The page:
Nano satellites look tailor-made for IoT applications where connectivity is required in remote areas unserved by cellular or any other terrestrial wireless service, with primary candidates being marine, environmental monitoring and global asset tracking. The attraction is that nanosatellites are relatively inexpensive to launch, costing millions rather than hundreds of millions of dollars each, while supporting less complex up linking that can be integrated more readily into smaller IoT devices, such as private fishing vessels, asset trackers or even potentially life jackets to communicate precise location.
Even a few million dollars per launch is a lot of money for a start-up though and that coupled with logistical complexities and the time it would take to establish adequate coverage make it a high-risk business that is bound to result in a number of failures. The lack of initial coverage while a start-up has only one satellite launched equates to both low data rates and intermittent availability, sometimes referred to as latency although in a different context from communications delay.
In this case it is a function of the satellite orbital period, which can mean that during the initial phase when there is just one there can be delays of 12 hours between data being picked up. Only when several satellites have been launched does this delay come down to under an hour, which could be acceptable for some of the target applications in the marine and asset tracking sectors. But because of this delay issue, cellular connectivity, Wi-Fi, Sigfox, LoRaWAN, Zigbee and other terrestrial wireless protocols will be preferred where remote coverage in unserved areas is not a requirement.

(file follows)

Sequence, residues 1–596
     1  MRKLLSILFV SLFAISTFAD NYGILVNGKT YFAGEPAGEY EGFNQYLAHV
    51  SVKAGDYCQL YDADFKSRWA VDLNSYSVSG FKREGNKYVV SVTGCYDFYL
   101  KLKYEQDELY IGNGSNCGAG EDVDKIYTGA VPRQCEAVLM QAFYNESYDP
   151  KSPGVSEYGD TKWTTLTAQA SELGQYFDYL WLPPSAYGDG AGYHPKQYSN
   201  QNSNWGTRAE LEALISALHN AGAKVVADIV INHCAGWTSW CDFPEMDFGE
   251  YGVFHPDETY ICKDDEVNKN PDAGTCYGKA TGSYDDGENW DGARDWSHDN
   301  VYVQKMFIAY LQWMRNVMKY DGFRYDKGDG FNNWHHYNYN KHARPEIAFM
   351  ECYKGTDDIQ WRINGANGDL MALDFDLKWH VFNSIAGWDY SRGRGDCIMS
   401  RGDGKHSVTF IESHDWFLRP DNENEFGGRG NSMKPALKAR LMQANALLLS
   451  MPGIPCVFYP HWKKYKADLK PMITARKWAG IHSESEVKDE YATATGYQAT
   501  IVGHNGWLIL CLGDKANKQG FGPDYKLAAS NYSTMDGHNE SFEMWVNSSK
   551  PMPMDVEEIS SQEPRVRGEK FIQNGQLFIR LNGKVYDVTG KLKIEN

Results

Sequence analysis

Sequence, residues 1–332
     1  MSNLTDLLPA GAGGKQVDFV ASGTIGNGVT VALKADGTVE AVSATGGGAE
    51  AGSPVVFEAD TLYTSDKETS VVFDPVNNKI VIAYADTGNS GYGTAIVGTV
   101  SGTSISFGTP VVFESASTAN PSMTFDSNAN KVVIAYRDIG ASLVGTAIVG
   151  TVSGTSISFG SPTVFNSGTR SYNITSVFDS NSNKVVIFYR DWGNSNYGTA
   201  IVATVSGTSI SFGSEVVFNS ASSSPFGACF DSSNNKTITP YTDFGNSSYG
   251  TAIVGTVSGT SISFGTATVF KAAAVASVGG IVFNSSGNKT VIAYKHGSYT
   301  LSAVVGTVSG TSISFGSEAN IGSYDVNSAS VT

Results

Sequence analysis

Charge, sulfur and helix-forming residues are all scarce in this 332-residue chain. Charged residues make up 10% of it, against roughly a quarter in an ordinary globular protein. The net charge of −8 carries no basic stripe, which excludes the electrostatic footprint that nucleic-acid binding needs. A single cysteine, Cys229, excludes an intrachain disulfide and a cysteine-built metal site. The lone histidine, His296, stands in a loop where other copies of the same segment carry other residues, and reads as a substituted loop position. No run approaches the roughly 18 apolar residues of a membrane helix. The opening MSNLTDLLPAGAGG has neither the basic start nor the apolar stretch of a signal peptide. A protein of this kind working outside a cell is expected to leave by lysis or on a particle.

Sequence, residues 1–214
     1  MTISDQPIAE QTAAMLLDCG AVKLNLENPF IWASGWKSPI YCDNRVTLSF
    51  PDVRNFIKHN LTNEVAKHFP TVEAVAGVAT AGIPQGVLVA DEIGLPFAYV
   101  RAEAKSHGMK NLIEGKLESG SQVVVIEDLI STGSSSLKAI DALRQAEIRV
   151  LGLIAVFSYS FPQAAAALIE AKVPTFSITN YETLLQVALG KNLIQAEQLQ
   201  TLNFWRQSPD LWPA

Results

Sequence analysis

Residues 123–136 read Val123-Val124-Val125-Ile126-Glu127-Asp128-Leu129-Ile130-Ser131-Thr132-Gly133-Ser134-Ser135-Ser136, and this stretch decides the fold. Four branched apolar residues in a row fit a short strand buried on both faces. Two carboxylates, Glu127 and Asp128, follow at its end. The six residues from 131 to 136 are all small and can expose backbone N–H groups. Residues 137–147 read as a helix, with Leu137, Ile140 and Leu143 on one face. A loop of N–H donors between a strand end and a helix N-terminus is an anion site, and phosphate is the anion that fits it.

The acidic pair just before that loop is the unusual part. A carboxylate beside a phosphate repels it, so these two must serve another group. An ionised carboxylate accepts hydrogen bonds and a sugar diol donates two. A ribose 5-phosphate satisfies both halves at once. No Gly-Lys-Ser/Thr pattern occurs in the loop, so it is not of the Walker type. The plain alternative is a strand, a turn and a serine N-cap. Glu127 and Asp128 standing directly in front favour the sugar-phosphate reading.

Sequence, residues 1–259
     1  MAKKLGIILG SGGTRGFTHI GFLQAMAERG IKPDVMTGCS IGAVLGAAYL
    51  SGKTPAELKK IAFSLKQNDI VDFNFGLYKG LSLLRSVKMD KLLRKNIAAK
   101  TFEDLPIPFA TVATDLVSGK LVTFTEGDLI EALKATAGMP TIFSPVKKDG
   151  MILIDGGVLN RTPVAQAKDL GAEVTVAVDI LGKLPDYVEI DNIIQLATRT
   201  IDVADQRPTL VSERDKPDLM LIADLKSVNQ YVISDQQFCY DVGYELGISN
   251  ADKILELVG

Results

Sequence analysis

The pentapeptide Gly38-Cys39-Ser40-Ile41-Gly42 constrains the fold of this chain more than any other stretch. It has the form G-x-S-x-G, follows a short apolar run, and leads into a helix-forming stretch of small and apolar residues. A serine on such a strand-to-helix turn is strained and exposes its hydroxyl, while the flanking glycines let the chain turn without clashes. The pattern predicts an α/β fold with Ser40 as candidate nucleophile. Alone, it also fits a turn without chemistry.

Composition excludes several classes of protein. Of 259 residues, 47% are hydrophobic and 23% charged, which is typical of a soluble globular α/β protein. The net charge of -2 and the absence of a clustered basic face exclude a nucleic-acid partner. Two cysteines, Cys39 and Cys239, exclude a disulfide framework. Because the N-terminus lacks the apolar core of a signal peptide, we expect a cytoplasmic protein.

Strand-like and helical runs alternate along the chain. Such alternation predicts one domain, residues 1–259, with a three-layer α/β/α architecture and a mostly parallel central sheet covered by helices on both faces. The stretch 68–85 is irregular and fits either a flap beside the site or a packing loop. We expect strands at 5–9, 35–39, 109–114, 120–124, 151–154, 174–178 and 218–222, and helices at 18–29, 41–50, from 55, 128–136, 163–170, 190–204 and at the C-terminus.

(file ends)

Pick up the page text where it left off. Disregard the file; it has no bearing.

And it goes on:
Fleet, based in Adelaide, Australia, is one start-up dedicated to nanosatellites for the IoT that has greater chances of success than some as a partner of the French space agency CNES, which will provide monitoring. Launched in 2015, Fleet has raised around $3.5mn so far, enough to launch its first satellite which will measure just 4 inches (10 cm) cubed. Until recently it was difficult to find affordable or practical launch capacity on commercial rockets for such small devices, but the situation has improved with growing availability of rocket ride sharing.
Before that launchers of small satellites had to hitch a ride on larger ones, but now there are companies such as Spaceflight Industries dedicated to more fragmented payloads. This company has coordinated the launch of a SpaceX Falcon 9 rocket that will propel over 70 small satellites into orbit, which is one of the largest batches yet carried by a single vessel, reducing unit costs.
Fleet CEO and co-founder Flavia Tata Nardini says that the company’s first two satellites will be launched November 2018, as secondary payloads via rideshare with the US launch provider Rocket Lab. However, the company has ambitions of becoming the first nano satellite provider dedicated to the IoT with a full constellation capable of providing low latency services spanning almost the whole globe and that will eventually require dedicated launchers to refresh the stock regularly. This is because nano satellites will have a relatively short lifespan with one advantage being they then burn up completely upon reentry to the earth’s atmosphere, leaving no space debris.
What is not clear yet is where the money will come from, given it will cost up to $200 million to launch the full constellation, coupled with high operating expenses. The company hopes to start gaining revenues quickly from use cases that need just intermittent connectivity before addressing a much larger target market when full coverage has been achieved. At least it will be a large target in terms of potential IoT devices to connect.